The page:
Rob Horowitz: One More Reason to Invest in Infrastructure
Tuesday, May 13, 2014
The Report’s authors, Joseph Kane and Robert Puentes, argue that in thinking about the impact of infrastructure on job-creation, the big picture is being overlooked due to an overemphasis on ‘short-term and temporary” shovel-ready projects. According to their research, 14.2 million workers—about one-in-ten nationally—are employed in infrastructure jobs. These include civil engineers, electricians and truck drivers, among others.
Contrary to perception, there jobs are mainly long-term, with more than 3-in-4 on the continuing operations side, while less than 1-in-4 are in the more temporary construction and design areas. To work properly, transportation, energy and water systems require ongoing operation and constant maintenance.
Most of these jobs are good-paying and do not require college degrees. Training is by and large conducted and available on the job. Even without the significant new investments needed, there will be about 3 million job openings in the infrastructure area mainly due to anticipated retirements.
And make no mistake, dramatically stepped-up investments in infrastructure are needed in order for the United States to maintain its economic competitiveness. The nation’s infrastructure has dropped from 1st to 15th in economic competitiveness, according to the World Economic Forum. The United States has the world’s worst air traffic congestion and little or no high speed rail. No longer are any of the top ten ports in the world located here, while six of them are now located in China.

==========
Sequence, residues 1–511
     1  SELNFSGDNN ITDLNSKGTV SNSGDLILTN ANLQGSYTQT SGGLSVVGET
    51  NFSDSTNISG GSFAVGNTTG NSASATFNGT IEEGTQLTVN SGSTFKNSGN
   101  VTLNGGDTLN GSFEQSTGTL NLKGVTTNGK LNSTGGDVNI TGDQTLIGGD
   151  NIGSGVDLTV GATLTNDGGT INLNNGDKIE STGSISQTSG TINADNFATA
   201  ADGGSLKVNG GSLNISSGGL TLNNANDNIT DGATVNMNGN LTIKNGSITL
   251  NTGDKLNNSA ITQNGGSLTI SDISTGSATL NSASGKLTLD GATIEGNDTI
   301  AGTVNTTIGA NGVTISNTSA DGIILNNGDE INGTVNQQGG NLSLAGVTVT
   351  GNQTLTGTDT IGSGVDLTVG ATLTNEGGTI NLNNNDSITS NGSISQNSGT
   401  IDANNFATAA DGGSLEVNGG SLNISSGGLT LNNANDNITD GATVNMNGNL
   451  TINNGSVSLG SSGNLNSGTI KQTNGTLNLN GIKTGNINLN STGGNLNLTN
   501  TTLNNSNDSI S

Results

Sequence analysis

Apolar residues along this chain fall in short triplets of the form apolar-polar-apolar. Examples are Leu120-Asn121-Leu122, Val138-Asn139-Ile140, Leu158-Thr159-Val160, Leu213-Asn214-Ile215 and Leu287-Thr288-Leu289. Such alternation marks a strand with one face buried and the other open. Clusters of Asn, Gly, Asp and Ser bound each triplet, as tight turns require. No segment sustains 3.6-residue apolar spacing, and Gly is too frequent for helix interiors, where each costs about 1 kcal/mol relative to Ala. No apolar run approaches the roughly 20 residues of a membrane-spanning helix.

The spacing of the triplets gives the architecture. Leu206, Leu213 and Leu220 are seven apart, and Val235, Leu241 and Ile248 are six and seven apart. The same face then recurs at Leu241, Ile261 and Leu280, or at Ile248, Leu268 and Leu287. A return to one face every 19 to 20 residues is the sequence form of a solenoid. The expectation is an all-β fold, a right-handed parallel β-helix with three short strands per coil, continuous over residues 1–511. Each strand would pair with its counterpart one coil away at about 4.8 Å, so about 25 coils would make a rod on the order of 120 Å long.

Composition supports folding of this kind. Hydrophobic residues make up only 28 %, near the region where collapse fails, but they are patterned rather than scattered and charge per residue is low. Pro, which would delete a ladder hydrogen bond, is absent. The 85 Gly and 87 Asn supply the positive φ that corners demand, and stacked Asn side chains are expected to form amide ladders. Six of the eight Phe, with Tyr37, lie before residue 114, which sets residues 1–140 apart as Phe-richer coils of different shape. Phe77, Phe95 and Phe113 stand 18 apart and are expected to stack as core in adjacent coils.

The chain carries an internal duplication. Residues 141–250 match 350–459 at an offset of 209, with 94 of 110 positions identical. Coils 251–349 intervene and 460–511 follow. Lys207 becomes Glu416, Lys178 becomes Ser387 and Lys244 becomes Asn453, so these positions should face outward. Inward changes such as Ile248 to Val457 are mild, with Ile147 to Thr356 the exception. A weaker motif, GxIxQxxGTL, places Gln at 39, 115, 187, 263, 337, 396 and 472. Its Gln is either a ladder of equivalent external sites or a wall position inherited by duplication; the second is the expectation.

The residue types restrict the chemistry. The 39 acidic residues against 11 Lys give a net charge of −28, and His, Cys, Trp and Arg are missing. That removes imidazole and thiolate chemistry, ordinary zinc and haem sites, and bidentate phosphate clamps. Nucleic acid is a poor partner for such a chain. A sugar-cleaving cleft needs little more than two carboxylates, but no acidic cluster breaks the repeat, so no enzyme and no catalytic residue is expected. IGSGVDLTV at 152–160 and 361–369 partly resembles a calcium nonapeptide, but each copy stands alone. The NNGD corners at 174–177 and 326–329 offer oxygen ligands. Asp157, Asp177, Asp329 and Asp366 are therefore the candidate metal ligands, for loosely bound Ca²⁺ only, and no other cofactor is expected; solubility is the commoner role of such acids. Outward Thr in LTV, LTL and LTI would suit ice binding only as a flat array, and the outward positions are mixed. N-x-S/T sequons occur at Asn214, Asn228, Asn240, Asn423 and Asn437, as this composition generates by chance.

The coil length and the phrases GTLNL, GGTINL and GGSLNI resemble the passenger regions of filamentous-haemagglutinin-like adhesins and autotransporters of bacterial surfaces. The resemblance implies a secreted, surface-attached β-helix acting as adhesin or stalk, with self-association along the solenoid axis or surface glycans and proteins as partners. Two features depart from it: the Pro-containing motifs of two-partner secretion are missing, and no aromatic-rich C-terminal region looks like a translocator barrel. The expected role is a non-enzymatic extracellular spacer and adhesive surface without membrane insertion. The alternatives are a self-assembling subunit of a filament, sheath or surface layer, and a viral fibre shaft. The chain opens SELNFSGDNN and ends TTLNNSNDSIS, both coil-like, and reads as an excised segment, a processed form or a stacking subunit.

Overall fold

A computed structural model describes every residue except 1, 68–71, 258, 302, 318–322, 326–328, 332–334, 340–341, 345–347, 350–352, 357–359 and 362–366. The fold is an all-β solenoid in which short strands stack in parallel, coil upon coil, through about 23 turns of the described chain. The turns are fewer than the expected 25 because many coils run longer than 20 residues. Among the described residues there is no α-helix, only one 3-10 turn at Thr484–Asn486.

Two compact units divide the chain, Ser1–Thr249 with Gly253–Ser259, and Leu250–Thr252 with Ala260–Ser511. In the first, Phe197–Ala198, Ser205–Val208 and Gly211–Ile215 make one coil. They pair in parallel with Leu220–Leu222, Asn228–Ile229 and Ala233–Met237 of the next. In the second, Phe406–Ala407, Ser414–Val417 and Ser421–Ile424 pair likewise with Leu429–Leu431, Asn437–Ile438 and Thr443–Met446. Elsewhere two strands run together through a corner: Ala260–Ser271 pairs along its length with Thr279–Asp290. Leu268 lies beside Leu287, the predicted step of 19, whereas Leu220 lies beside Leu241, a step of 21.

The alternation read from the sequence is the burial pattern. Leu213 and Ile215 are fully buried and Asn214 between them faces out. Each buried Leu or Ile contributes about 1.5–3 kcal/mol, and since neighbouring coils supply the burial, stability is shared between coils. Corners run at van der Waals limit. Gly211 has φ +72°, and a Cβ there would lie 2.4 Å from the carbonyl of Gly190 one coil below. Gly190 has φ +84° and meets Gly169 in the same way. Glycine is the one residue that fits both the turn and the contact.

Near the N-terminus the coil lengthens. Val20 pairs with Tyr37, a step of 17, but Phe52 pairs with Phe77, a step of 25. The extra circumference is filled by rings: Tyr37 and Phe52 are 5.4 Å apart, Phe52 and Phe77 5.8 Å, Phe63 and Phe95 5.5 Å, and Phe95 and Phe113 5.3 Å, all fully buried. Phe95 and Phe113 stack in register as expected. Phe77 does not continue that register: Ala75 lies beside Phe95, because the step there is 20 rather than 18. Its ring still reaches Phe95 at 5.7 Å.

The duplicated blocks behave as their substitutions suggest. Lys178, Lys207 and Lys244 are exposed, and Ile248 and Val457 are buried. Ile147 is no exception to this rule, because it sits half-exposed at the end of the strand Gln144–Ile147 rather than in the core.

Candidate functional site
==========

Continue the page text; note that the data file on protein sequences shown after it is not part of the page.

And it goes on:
The 2013 American Society of Civil Engineer’s Infrastructure Report Card gives the United States a D+ for the current state of its infrastructure, estimating that it would take $3.6 trillion between now and 2020 to do all the needed upgrades.
In a tough competitive global economy, the ability to rapidly move goods, services and people is an essential component of competitiveness. It is only common sense to invest now as the longer we wait the more costly fixing existing infrastructure and embarking on needed new projects will be.
Unfortunately, common sense legislative initiatives that combine public funding with innovative ways to attract private capital are stalled in Congress. These kind of investments used to attract broad bi-partisan support, but more recently have been opposed by hard line conservatives and Tea Party supporters as just “more unnecessary government spending.”
It is time for the rest of us to redouble our efforts and push forward desperately needed new investments in infrastructure—critically important investments in our economic future with the added benefit of generating good new jobs. It is hard to argue against that one-two punch.
Rob Horowitz is a strategic and communications consultant who provides general consulting, public relations, direct mail services and polling for national and state issue organizations, various non-profits and elected officials and candidates. He is an Adjunct Professor of Political Science at the University of Rhode Island.
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